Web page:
Keep a check on sugar. “We’re not saying ‘no sugar’, but be mindful of when you have it,” says Dr Cole. “If you choose to have something sweet, have it at mealtimes.” Check labels for hidden sugars — they lurk in bread products, cereals, sauces, flavoured drinks and tinned soups, for example. “Generally, if sugar appears in the first four positions on the ingredients list, then it probably is high in sugar,” says Dr Cole. And when you snack between meals, choose tooth-friendly foods (see Food and drink your teeth will love, below).
Chew sugar-free gum. Chewing sugar-free gum, especially if it has xylitol (such as Recaldent), between meals boosts saliva production which helps neutralise the acid.
How a dental check-up can save your life
There are various health conditions the dentist can detect simply by looking in your mouth.
Gum disease can be a sign of diabetes, and acid erosion can point to gastric problems. Teeth grinding can explain headaches. Importantly, a dentist can spot signs of mouth cancer or pre-cancerous cells early. Always tell your dentist about anything in your mouth that feels unusual – for example, a lump under your tongue, soreness, or an ulcer that doesn’t heal. It may not be serious, but it’s best to get it checked.
Issue: Bad breath
What causes it?
It’s commonly thought that bad breath originates from the digestive system. But in the vast majority of cases, it is due to a change in the environment of the bacteria that live in your mouth and throat.
Key triggers include:
a dry mouth, thick saliva or excess mucus
poor oral hygiene
medications that cause a dry mouth
alcohol or excessive use of alcohol or sodium lauryl sulphate (SLS)-containing oral products
chronic sinusitis and a post-nasal discharge
Certain foods affect the odours of your mouth, such as onions and garlic, but this wears off. Coffee can dry your mouth, which can lead to bad breath.
Easy fixes for bad breath
Stay hydrated. Saliva’s cleaning action helps reduce bacteria. Avoid mouthwashes that contain alcohol, as these tend to dry out the mouth. So they may cause bad breath.
Clean your tongue. Use a tongue scraper (or toothbrush) with a little toothpaste smeared on it to gently clean your tongue, going as far back as possible.
The worst food offenders
Fizzy drinks and sports/energy drinks
Energy drinks typically have the most sugar, since that’s where the energy hit comes from. It’s even worse if you’re gulping one during a workout, because your mouth is drier while exercising, and the lack of saliva means little protection against sugar and acid. Stick with plain water.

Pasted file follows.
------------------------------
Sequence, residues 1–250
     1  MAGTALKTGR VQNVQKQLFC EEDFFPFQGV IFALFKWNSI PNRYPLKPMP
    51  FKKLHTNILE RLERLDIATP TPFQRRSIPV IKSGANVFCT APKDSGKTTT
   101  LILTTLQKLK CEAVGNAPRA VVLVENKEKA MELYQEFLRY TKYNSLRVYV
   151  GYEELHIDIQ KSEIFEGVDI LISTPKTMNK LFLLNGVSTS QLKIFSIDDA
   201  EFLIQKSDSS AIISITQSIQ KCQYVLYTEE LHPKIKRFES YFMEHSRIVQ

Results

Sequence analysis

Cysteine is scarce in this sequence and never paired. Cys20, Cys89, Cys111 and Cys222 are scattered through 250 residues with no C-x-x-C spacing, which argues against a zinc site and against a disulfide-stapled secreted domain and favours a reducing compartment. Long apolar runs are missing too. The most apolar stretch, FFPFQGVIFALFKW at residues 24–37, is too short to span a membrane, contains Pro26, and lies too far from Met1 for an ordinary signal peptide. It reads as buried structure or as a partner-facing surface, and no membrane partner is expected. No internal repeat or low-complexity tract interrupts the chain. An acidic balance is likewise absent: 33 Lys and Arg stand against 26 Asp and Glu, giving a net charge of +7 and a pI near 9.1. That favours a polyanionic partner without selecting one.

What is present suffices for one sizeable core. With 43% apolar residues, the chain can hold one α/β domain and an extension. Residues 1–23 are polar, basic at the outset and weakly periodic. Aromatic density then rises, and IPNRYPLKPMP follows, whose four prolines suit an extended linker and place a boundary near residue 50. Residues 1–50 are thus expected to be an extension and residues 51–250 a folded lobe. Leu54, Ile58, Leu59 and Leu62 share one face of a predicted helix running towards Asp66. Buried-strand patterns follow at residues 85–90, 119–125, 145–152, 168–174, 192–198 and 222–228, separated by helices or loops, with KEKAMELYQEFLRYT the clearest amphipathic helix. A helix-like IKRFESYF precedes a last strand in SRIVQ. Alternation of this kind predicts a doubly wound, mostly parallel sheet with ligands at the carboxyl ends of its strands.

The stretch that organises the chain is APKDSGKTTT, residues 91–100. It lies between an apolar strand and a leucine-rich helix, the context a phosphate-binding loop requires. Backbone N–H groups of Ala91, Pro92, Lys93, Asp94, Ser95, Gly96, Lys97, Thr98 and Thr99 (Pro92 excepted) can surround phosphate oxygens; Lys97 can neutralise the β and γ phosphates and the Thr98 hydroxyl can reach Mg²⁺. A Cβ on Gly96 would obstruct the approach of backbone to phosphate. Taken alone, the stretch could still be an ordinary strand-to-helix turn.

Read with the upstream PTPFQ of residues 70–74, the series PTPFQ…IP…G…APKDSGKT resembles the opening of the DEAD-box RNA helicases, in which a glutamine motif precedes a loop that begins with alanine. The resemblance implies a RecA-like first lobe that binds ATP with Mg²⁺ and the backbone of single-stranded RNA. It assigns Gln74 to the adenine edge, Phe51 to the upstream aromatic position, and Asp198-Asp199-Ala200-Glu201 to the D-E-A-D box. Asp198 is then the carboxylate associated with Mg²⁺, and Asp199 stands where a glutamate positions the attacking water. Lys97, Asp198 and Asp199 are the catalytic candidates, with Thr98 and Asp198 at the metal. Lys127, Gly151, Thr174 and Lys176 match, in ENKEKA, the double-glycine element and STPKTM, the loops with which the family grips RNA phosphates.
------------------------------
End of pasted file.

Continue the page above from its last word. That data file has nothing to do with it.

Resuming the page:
Smoothies and fruit juices
If you’re drinking juice, stick to a small 150ml glass a day and have it with food, rather than in-between. Surprisingly, some store-bought smoothies contain more sugar than a can of Coke.
In terms of oral health, there’s little difference between snacking on sultanas and chewy sweets. The high sugar content and sticky texture means dried fruit clings to teeth. While high on nutrition, it’s better to eat dried fruit at mealtimes, such as on your breakfast cereal.
Cereal bars and yoghurts
Many low-fat cereal bars and flavoured yoghurts are packed with sugar. Always check the label. When buying yoghurt, opt for an unsweetened one, then sweeten it yourself with fresh fruit.
Food and drink your teeth will love
This natural sugar-free sweetener can actually promote dental health. When broken down, it creates an alkaline environment in the mouth, reducing plaque.
A 2015 UK study hails tea – black and green – as the top drink for dental health, thanks to its natural fluoride content. It also contains polyphenols, which kill bacteria. Four cups of black tea a day can protect teeth. Add a dash of milk for a dose of tooth-friendly calcium.
A dry mouth is the enemy of good oral health and hygiene, so drink water regularly. Drinking plain tap water, which is fluoridated, gives additional protection against tooth decay.
Crunchy vegetable snacks
Veg such as raw carrot and celery sticks massage your gums while you’re eating them, and they also stimulate saliva production.
A small piece of cheese is an ideal way to finish a meal because it neutralises acid in the mouth. Small portions (about 40g) keep a lid on the salt and fat content.
Whole fresh fruit
It is much better for teeth than dried or liquid versions.